Sunday, November 30, 2014

Day 16 - Leave the Isle of Skye to Fort William

We leave the Dunollie Hotel,

with mixed emotions, we are heading off for a new adventure
, yet leaving our beloved Isle of Skye.

One stop required prior to driving over the bridge that separates Skye for the Mainland.

We drive a short 20 minutes on the Strathaird Peninsula, guarded by the infamous sheep, ready to attack at any moment,

to find Garth Duncan

and see his knives, swords and jewel creations.

Strathaird is a peninsula on the island of Skye, Scotland, situated between Loch Slapin and Loch Scavaig on the south coast.

It is the smallest and least populous of Skye's main peninsulas, containing only the hamlets of Elgol, Kirkibost (where we find Duncan), Kilmarie, Drinan and Glasnakille. The ruins of the Iron Age hill fort Dun Ringill are east of Kirkibost on the shores of Loch Slapin.

The Strathaird peninsula was historically a heartland of Clan Mackinnon and tradition holds that Dun Ringill was once the seat of the clan. The Strathaird Estate was bought by Ian Anderson - a musician in Jethro Tull - in 1978. Anderson started a salmon farming business at Strathaird, which expanded throughout Scotland. The business was reportedly worth over £10 million by the mid 1990s, though much of it has now been sold off.

Garth Duncan is a Master Jeweler and Owner of Duncan House: a Gallery and Workshop ( He once said, ”The objects that our ancestors created and left behind become an inspiration for me. With no written history, the artefacts must speak for them. It’s a direct physical connection to our past, better than words, it’s human hands that created, struggled, lived, and Loved. . I do my very best to honour their memory in every piece I make.“

Back on the highway we leave Skye via the Bridge.

The Skye Bridge (Scottish Gaelic: Drochaid an Eilein Sgitheanaich) is a road bridge over Loch Alsh, Scotland, connecting the Isle of Skye to the island of Eilean Bàn. The name is also used for the whole Skye Crossing, which further connects Eilean Bàn to the mainland across the Carrich Viaduct.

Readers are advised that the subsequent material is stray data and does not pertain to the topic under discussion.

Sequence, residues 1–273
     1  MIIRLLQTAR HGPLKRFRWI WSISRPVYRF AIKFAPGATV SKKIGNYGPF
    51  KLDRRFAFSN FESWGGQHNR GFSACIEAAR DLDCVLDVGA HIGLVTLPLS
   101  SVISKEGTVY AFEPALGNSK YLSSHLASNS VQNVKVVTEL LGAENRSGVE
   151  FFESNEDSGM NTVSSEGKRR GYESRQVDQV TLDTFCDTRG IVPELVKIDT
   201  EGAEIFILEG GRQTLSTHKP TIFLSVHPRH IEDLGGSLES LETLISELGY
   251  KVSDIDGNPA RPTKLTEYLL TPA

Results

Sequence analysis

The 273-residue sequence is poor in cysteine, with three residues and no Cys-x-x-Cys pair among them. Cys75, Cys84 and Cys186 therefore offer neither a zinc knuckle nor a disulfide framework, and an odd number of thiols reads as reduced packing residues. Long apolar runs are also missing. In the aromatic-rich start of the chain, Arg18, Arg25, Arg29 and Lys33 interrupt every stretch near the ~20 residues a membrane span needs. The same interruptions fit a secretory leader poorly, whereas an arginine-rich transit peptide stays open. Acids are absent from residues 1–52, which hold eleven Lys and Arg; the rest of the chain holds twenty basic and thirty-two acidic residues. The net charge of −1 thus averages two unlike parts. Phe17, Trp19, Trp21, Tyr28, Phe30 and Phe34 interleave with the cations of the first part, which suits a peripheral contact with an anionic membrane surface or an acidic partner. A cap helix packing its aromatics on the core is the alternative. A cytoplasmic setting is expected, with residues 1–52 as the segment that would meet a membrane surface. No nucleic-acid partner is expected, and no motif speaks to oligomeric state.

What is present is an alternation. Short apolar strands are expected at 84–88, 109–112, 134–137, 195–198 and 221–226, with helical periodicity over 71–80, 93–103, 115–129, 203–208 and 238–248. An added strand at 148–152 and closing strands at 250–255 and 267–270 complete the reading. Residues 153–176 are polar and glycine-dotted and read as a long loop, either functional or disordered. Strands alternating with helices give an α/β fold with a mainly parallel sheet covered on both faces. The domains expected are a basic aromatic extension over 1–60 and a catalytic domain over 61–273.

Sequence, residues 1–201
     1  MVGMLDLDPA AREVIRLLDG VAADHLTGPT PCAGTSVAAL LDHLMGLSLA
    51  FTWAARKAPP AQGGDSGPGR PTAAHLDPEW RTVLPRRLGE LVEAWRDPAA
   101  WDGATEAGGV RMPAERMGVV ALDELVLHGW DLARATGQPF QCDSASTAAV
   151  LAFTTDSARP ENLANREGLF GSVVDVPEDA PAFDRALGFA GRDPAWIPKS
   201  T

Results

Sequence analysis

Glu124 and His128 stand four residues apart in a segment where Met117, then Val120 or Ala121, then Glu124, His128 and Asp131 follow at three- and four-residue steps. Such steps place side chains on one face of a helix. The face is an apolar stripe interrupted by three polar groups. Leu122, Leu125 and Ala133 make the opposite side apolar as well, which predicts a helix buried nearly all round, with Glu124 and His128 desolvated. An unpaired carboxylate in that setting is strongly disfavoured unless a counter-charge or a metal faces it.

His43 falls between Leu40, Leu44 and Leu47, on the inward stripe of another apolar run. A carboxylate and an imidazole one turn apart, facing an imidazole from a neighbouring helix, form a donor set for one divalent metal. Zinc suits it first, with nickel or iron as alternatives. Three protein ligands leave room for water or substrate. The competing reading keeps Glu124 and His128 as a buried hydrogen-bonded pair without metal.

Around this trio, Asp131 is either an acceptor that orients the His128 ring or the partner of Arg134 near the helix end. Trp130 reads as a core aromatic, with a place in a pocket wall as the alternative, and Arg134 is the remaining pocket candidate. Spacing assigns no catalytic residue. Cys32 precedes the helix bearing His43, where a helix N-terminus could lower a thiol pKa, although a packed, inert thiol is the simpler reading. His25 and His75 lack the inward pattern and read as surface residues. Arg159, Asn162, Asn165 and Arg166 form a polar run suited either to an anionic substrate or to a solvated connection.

Leaving Skye, we soon reach Eilean Donan Castle and a coffee, etc...break.

Eilean Donan (Scottish Gaelic: Eilean Donnain) is a small tidal island where three lochs meet, Loch Duich, Loch Long and Loch Alsh; since the castle's restoration in the early 20th Century, a footbridge has connected the island to the mainland. A picturesque castle that lies about 1 kilometre from the village of Dornie.

Eilean Donan, which means simply "island of Donnán", is named after Donnán of Eigg. It is possible that an early Christian monastic cell was founded on the island in the 6th or 7th century, dedicated to Donnán of Eigg, an Irish saint who was martyred on Eigg in April 617. No remains of any Christian buildings survive, though fragments of vitrified stone, subjected to very high temperatures, have been discovered indicating the presence of an Iron Age or early medieval fortification.

The castle was founded in the thirteenth century, and became a stronghold of the Clan Mackenzie and their allies the Clan Macrae. In the early eighteenth century the Mackenzies' involvement in the Jacobite rebellions led in 1719 to the castle's destruction by government ships. Lieutenant-Colonel John Macrae-Gilstrap's twentieth-century reconstruction of the ruins produced the present buildings.

Now it's down the highway to Fort William and overnight at the Alexandra Hotel. On the 2 hour drive from Eilean Donan Castle we drive along side the following Lochs; Loch Duich, Loch Cluanie, Loch Loyne, Loch Garry and finally Loch Lochy
(translation Lake Lakey), I think they were bored when they came to naming this lake.

We enjoy a wonderful meal in the Hotel, try a dram or two and off to bed.

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